Narcotics audit reveals unit's inefficiencies

By Justin Boron

Management for the Clayton County Drug Task Force is weak and provides insufficient protection for county assets and seized evidence, according to an accounting firm responsible for the recent audit of the narcotics unit.

A copy of the October audit report obtained by the News Daily reveals misuse of funds and poor accounting procedure complicated by outdated computers and software.

These defificiencies resulted in $292.50 in missing funds and $3,678 in funds withdrawn from the account without reason, according to the audit prepared by KPMG LLP.

The audit, which cost the county $29,812, led to the resignation of the unit's special agent in charge Clarence Cox after the "misdirected funds" were discovered in mid-October.

When auditors discovered receipts for the seven withdrawals made by Cox, county officials confronted him, and he subsequently returned the money, said county commission Chairman Crandle Bray.

County Police Chief Darrell Partain said in his last conversation with Cox, the former narcotics supervisor said he needed the money for training seminars and legislative updates.

In October, Cox said he resigned because he feared he might be demoted. He now assists disaster victims by doing contract work for the Georgia Emergency Management Agency, said Kay Adamson, a human resources clerk for GEMA.

Repeated attempts to reach Cox were unsuccessful.

Partain said Cox's withdrawals constituted an illegitimate use of the money and were turned over to the Clayton County grand jury.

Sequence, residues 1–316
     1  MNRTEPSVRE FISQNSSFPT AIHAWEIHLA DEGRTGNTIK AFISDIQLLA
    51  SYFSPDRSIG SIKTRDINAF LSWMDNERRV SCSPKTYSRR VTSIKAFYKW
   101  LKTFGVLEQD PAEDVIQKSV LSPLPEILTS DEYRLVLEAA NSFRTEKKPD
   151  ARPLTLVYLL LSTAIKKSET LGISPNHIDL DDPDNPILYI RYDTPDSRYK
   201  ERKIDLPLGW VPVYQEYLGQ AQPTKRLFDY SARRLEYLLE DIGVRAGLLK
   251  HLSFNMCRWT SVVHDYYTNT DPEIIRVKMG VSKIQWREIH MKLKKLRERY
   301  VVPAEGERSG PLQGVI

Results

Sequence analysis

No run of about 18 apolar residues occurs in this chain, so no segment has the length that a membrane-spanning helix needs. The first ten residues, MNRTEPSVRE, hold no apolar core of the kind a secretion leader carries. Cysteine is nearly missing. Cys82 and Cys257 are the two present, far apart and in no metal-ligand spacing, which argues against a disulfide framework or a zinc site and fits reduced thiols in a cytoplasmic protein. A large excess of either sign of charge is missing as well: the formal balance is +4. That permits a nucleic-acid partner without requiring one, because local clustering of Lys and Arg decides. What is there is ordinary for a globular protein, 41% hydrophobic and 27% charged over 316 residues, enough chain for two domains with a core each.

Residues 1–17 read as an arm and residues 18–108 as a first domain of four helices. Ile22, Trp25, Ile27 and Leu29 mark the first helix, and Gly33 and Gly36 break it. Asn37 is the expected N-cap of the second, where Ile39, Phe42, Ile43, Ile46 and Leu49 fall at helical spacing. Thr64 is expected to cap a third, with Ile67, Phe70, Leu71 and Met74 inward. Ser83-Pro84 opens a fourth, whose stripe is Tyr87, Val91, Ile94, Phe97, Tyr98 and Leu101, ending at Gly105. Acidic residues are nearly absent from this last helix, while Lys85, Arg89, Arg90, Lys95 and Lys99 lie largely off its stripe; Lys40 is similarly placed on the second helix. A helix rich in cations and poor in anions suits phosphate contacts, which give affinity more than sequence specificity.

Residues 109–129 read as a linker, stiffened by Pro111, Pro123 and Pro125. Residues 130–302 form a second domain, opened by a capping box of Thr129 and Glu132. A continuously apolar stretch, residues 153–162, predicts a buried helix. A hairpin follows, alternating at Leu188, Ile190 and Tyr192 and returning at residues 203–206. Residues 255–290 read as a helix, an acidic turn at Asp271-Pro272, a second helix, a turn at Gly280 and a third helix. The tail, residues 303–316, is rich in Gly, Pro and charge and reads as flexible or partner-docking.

"That was not the intention of that fund," he said.

But County District Attorney Bob Keller said no criminal charges have been filed in the matter.

In the wake of Cox's resignation, his replacement, Vance Donald, and other county officials said some of the audit's reccomendations have already been implemented.

"Since I've taken over we've already updated the (evidence software)," Donald said.

But much of the audit's impact will be left for two incoming elected officials who share responsibility for the Drug Task Force with the county Police Department.

Sheriff-elect Victor Hill and District Attorney-elect Jewell Scott will inherit a narcotics unit that has become entangled in the controversial web of reforms proposed for it.

On the heels of the audit, Sheriff Stanley Tuggle and Partain - who is chairman of the Drug Task Force advisory board - asked for the unit to be transferred to police control, which Partain said would streamline oversight.

"When you work under the auspices of three different departments, there are no stringent guidlines," he said. "It gives (members of the Drug Task Force) a little too much freedom to make their own decisions."

The proposal inflamed Hill and spawned a set of racially divisive clashes between current county commission members and incoming elected officials.

Last Tuesday, amid Hill's threats of litigation, the county commission was deadlocked on a vote to transfer the unit to police supervision.

It did approve a transfer of the crime scene investigation unit from the Sheriff's power to county police control. But the crime scene unit was unrelated to the recent audit.

Bray, who voted against the narcotics unit transfer, suggested keeping the shared oversight in the units' advisory board.

But he said the county commission should approve the boards' chairman, which would give the commission ultimate supervision over the unit.

"I could fix this real quick," he said, but added he would leave the item for the incoming leadership.

Partain expressed his disapproval of Bray's proposal because he said the unit should remain in law enforcement control.